Last Call: The Rise and Fall of Prohibition

by Daniel Okrent

Host: Mike B.

Date: August 12, 2010

Judges’ Score: TBD

Some Dreams Are Bad Dreams

Prohibition is all the rage these days. Terry Gross interviewed Daniel Okrent who recently published Last Call: The Rise and Fall of Prohibition. Then, Ken Burns is working on a documentary about prohibition that will come out sometime next year. Then, last week, Rachel Maddow gave the commencement address at Smith College (click here for the video) and told the story of Carry Nation, whom God spoke to and told her to go and destroy saloons. Maddow’s cautioned Smith’s graduates “don’t be like Carry Nation”…”some dreams are bad dreams.”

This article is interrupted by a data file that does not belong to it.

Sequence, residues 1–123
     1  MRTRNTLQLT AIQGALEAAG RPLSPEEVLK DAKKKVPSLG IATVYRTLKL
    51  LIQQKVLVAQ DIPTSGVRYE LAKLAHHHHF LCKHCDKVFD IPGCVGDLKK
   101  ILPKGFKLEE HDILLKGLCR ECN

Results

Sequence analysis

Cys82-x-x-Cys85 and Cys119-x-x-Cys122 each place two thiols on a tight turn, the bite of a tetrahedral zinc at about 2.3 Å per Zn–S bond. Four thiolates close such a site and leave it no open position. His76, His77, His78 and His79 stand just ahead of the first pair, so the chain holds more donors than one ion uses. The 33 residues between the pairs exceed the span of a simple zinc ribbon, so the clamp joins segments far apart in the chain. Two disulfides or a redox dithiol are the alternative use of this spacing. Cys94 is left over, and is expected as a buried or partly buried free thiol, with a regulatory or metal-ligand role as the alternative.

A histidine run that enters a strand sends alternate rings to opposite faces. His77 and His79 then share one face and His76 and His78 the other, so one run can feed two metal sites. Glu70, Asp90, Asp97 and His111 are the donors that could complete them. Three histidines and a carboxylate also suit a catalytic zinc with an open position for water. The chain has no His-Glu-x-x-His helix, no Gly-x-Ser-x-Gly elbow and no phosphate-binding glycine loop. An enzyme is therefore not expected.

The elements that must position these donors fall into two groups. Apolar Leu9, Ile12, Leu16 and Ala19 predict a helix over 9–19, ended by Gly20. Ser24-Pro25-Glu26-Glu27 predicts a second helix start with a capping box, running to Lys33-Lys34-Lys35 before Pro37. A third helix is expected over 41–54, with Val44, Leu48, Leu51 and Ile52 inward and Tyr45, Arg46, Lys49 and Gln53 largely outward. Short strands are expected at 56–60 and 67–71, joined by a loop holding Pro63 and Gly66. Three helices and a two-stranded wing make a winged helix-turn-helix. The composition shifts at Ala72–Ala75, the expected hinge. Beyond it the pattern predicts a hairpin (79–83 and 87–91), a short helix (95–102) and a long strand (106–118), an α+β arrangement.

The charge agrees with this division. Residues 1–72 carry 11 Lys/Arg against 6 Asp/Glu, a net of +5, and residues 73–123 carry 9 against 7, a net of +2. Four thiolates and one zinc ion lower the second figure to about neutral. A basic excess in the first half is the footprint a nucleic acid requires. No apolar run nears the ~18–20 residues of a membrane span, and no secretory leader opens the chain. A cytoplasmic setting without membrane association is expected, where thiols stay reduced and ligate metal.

The story of prohibition is an interesting one. American’s actually voted to give up their right to drink alcohol for 13 years (1920-1933). During that time organized crime thrived, thugs became celebrities,  and, ironically, liquor consumption actually increased. By one estimate, for every bar that closed, 16 speakeasies opened in its place. Prohibition turned law-abiding citizens into criminals, and empowered corrupt government officials to break the law and profit from it. It was a complete failure.

Ultimately prohibition was repealed in the midst of the Depression basically to raise much needed tax revenue. Maybe we fix our current budget woes by legalizing (and taxing) marijuana?

But, how was the 18th Amendment ever passed in the first place? And, what can we learn from it today? Okrent explains it this way: